With a lot of teaching now taking place using online webinars, this page hopes to help you make the most of this form of instruction and collaboration.
Whenever you are taking part in an online lecture/seminar or webinar, it is important you get your device ready beforehand. Make sure that in software is installed in advance of the session. At the very least you will need to be able to hear your tutor, so make sure the device you are using has speakers or that you can attach headphones. Check these are enabled and you have not muted them.
Whilst it is often possible to follow a webinar on your phone, you may find it harder to type into chat windows - so if you can get access to a laptop or a tablet this may be the time to ask. If you cannot, don't worry, you can at least follow along.
Also, if you use an online calendar, add the webinar as an event and put the link you are sent into the location or the notes section. That way you are not scrabbling around looking back in your email inbox to find it when you need it.
Webinars can be divided up into two types: those where you can talk (and perhaps share video via your webcam) and those where you can't.
Webinars where you can talk
In smaller group webinars, you may be given the option to enable your microphone and webcam and therefore be able to participate verbally. Some platforms have a hands up button that you can click on to show that you would like to contribute and whoever is hosting the session can give you the 'floor'. This is often needed in medium-sized groups to prevent people talking over each other.
Even in these webinars you can also participate by typing into chat windows. These are the place to ask questions, share short thoughts and often links to web pages and documents. They are not automatically opened by some platforms - so look for the word 'chat' or an icon of a speech bubble or something similar.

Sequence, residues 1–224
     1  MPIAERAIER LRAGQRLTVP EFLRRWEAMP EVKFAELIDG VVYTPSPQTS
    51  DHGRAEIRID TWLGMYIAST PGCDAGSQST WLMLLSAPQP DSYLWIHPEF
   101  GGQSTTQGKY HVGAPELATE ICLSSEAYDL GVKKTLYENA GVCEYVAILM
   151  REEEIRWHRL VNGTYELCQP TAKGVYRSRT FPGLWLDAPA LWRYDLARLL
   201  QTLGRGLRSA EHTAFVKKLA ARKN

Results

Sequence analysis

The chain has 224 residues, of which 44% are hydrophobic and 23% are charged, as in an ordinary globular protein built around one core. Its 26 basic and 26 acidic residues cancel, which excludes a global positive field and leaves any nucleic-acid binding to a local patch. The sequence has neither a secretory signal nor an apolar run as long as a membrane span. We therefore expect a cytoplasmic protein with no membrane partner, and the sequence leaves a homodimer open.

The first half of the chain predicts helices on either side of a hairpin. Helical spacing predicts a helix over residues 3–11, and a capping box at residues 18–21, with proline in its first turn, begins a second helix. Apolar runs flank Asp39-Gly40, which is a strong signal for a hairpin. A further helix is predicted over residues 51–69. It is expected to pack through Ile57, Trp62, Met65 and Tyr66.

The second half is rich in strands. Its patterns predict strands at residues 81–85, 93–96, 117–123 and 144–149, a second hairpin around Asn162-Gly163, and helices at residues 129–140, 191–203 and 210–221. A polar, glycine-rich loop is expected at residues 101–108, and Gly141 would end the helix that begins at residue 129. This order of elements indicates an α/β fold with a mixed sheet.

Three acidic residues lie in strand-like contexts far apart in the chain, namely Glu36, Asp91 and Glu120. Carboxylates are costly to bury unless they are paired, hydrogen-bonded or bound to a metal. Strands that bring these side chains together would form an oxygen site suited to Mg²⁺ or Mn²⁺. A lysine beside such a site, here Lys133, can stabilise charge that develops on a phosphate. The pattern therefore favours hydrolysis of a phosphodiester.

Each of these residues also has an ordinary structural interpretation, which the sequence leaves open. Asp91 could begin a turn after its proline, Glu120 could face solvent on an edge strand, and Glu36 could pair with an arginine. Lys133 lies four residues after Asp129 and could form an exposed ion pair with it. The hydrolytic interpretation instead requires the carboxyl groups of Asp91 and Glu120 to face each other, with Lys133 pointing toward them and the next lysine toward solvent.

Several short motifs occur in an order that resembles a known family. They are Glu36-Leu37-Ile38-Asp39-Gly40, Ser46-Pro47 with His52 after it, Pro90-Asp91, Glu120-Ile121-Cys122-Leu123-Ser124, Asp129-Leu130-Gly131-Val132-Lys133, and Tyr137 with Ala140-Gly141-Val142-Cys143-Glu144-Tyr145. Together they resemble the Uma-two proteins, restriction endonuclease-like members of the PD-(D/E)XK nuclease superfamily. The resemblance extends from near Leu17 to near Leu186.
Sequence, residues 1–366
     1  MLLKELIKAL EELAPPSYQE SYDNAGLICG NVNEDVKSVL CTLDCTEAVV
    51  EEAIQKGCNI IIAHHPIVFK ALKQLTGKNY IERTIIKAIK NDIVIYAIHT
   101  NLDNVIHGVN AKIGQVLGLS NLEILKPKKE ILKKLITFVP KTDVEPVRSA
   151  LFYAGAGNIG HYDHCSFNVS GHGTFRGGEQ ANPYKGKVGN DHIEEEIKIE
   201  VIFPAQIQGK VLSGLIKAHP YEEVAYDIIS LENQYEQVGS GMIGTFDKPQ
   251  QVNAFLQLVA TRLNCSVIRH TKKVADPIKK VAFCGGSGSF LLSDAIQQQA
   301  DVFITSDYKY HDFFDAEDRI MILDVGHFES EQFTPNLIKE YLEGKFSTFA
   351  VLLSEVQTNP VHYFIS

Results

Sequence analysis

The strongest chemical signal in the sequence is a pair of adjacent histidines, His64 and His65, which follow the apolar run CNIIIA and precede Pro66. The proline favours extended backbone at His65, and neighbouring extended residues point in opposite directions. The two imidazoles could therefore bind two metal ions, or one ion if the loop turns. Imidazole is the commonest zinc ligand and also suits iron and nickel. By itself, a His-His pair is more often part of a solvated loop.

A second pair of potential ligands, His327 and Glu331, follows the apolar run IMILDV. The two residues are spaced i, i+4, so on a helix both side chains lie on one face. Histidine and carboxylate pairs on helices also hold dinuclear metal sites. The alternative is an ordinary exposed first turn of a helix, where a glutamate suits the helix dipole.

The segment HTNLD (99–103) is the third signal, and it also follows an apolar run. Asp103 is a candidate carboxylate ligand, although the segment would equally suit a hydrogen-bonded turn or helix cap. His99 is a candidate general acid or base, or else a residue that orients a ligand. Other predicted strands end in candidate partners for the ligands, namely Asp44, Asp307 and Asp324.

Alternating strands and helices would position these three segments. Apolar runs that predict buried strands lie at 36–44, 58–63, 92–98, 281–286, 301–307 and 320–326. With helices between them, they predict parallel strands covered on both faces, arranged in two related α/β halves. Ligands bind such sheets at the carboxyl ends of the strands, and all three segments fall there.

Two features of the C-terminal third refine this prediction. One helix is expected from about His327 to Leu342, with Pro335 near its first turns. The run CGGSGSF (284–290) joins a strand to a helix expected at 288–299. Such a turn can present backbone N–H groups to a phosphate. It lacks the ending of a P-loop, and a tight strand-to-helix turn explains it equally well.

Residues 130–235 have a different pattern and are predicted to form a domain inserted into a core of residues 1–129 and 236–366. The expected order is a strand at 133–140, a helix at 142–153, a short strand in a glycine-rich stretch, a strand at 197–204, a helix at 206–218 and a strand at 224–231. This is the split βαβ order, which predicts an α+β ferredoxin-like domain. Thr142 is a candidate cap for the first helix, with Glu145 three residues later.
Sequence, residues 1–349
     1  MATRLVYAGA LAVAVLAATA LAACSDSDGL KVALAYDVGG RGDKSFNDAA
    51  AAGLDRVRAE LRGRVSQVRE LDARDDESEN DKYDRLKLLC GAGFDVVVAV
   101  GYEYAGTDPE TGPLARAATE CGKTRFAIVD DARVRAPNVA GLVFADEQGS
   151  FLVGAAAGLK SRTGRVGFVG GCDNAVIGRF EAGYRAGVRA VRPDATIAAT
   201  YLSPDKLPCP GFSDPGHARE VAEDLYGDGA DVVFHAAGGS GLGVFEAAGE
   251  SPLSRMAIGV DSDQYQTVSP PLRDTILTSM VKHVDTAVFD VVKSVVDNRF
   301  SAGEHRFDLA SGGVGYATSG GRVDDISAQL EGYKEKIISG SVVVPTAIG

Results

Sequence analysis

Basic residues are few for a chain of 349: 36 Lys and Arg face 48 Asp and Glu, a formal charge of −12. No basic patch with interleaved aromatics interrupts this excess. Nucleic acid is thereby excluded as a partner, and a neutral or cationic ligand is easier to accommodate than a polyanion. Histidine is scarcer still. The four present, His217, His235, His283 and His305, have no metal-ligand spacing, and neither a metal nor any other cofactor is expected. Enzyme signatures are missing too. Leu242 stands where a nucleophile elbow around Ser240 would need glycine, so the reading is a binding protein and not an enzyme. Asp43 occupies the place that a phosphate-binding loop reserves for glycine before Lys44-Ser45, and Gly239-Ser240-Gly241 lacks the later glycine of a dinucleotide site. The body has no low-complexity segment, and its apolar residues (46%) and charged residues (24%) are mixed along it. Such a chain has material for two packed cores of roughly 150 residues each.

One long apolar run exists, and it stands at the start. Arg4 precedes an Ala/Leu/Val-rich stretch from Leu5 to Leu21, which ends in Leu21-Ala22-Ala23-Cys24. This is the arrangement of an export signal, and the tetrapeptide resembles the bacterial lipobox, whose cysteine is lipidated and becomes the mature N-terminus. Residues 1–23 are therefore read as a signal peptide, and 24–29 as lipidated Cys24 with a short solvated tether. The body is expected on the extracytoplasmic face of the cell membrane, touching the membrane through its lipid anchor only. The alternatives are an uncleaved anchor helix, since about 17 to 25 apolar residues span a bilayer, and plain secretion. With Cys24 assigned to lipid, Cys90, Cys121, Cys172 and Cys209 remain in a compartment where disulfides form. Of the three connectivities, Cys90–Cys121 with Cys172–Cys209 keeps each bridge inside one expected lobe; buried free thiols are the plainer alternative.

Webinars where you cannot talk
For larger webinars, it becomes unwieldy if everyone has the ability to participate verbally and therefore this option may not be available. If this is the case, then your main way of contributing is via a chat window. As mentioned above, some platforms do not automatically display their chat windows so look out for the word 'chat' or an icon of a speech bubble or something similar.
The presenter may ask you for answers to particular questions which you need to type into the chat window, or you may want to use it to ask questions of the presenter.
Another feature of larger webinars where you cannot talk may be polls. If the presenter wants to gauge opinion on something they could ask you to vote in a poll. These are usually anonymous.
It seems obvious but the whole point of a webinar rather than a lecture recording is that you can get involved. So ask and answer questions and speak if you can.
Make sure you do any pre-reading. Even if you are not given anything specific, it may be worth checking reading lists or going online to see what you can find out about the topic.
There is often a time-lag or the presenter may be concentrating on something else, so if you ask a question in the chat window don't worry if there is a slight delay in it being answered. Also, if you are in a webinar where you can talk, try to wait until someone else has finished speaking before you do.
Many webinars are recorded meaning you can watch them again. This can be a better time for taking notes as you are not being required to participate.
As mentioned above, this can be easiest when you are looking back at a recording of the webinar. However, there may well be times during a presentation when you can treat it like a normal lecture and take notes.
This content is drawn from the following source from Hull University, which is licensed under a Creative Commons Attribution-NonCommercial-ShareAlike 4.0 International License.